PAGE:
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INTERVIEW/A discussion with Cosette Wu, the woman behind the Harvard speech disruption

04/26/2024 11:25 PM
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Cosette Wu (left), holds a protest with a fellow Tibetan student on April 20, when the Chinese Ambassador to the United States Xie Feng was giving a speech at Harvard University. Photo courtesy of Coalition of Students Resisting the CCP
Cosette Wu (left), holds a protest with a fellow Tibetan student on April 20, when the Chinese Ambassador to the United States Xie Feng was giving a speech at Harvard University. Photo courtesy of Coalition of Students Resisting the CCP

Taipei, April 26 (CNA) "You robbed Hong Kongers of the most fundamental freedom and devastated their democracy. Now in my country Taiwan, you sought to do the same." A yell from the audience disrupts the Chinese Ambassador to the United States Xie Feng's (謝鋒) speech at Harvard University that marked the opening of the Harvard Kennedy School China Conference 2024 on April 20.

The person shouting was Taiwanese American Harvard student Cosette Wu (吳亭樺), a co-director of the organization "Coalition of Students Resisting the CCP," who was then forcibly removed from the scene by a man.

The man was subsequently identified as a fellow Harvard student who helped organize Xie's visit.

Speaking with CNA in a recent interview, Wu said she was prepared to be removed but "did not expect to be treated so violently."

"We definitely understand that there's the right for Harvard event security to remove disruptive protesters, but I didn't expect somebody who was just another student to charge at me in that way."

Three fellow Harvard students -- one Taiwanese American and two Tibetans -- joined Wu at the protest in the conference hall. Similar protests organized by the Coalition of Students Resisting the CCP and "Students for a Free Tibet," were also staged outside.

"We wanted to emphasize that we will not allow somebody who is representing and advocating for a genocidal government and someone who personally oversaw the destruction of Hong Kong's free society and has done all of these things to all of our communities, to have this platform at a university that has members that are affected by what he's done," Wu said.

A turning point

Wu originally dreamt of being a doctor and it was not until she started learning more about her family history that she felt the desire to "do something for Taiwan."

Growing up, Wu's parents taught her about Taiwanese history. She said she always sort of knew that her great-grandfather was a victim of the 228 Incident, an anti-government uprising in 1947 that was violently suppressed by the then-ruling Kuomintang and led to the death and imprisonment of thousands of civilians.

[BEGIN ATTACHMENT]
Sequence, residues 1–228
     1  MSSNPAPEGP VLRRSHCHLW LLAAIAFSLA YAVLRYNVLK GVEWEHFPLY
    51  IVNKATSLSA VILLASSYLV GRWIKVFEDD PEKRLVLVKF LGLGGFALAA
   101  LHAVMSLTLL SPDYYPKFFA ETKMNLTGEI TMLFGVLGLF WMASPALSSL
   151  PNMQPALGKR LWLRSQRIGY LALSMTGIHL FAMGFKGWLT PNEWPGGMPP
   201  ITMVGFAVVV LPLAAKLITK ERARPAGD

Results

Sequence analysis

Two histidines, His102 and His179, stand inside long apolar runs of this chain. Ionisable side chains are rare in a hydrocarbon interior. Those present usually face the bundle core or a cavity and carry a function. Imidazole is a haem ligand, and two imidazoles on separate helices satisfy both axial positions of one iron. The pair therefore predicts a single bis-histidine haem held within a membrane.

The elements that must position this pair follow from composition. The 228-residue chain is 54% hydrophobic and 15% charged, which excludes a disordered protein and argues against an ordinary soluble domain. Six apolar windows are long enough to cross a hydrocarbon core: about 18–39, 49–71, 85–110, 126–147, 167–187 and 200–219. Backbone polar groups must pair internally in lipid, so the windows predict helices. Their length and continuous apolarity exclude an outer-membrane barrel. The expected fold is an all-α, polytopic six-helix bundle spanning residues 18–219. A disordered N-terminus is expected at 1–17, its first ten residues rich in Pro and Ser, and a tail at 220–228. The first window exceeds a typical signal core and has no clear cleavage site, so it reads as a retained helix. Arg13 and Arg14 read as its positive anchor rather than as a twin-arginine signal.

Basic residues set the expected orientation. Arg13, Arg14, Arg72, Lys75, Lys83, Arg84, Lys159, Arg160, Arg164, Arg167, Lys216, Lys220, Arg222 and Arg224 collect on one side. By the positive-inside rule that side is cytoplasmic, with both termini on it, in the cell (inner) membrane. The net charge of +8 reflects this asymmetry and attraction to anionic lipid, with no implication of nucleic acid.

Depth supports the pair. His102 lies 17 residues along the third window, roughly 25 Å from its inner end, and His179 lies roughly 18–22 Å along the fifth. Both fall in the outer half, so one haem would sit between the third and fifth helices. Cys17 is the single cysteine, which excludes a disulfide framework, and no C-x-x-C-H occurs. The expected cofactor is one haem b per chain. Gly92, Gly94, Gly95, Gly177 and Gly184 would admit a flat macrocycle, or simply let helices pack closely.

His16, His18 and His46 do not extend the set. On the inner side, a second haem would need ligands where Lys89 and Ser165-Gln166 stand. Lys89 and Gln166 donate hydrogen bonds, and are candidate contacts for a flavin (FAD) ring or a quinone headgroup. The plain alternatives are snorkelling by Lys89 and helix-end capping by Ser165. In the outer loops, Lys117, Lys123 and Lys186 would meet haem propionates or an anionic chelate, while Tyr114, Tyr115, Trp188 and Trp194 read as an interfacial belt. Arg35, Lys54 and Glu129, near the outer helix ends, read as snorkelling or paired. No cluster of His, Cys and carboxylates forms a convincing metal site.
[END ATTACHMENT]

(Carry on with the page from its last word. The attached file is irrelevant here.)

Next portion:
Photo courtesy of Coalition of Students Resisting the CCP
Photo courtesy of Coalition of Students Resisting the CCP

Born in 1902, Wu's great-grandfather Shih Jiang-nan (施江南) was the second Taiwanese to receive a doctorate in medicine during the Japanese colonial period. He promoted public health education and founded the now-demolished Sifang Hospital in Taipei. A well-respected man, he was taken from his home in the hospital on March 11, 1947 and never seen again.

In her sophomore year of high school, Wu started researching Shih, talking to several family members to learn more about her great-grandfather. Her efforts led to her biography of his life, "The Story of Shih Jiangnan" being published in her senior year of high school.

Wu said she "didn't want his story to be lost," and because there are "a lot of 228 victims" whose stories "unfortunately faded away," she thought it was important to have her great-grandfather's story told in English so it would "be accessible to people like me who are Taiwanese American."

"It was a really powerful learning experience for me to not only learn about my great grandpa but also to learn about Taiwanese history as a whole," Wu said, adding that "understanding Taiwan's authoritarian past is what sparked my realization that we can't take democracy for granted."

Wanting to do something for Taiwan

Researching the life of her great-grandfather opened the door to Wu learning more about Taiwan's history and democracy, which led to her interning with a range of organizations that focused on matters such as security in the Asia Pacific and Taiwan's history and democracy.